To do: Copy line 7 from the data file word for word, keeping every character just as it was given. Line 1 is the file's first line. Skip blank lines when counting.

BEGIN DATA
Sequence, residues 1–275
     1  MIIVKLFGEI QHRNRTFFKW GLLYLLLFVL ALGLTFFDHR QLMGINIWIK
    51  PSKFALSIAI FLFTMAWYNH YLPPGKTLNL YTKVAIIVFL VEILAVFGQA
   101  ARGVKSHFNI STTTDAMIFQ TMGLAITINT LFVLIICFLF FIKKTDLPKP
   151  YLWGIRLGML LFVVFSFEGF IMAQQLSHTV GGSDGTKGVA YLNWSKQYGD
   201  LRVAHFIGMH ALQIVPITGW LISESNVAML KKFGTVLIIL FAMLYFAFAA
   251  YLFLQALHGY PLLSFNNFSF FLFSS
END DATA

   251  YLFLQALHGY PLLSFNNFSF FLFSS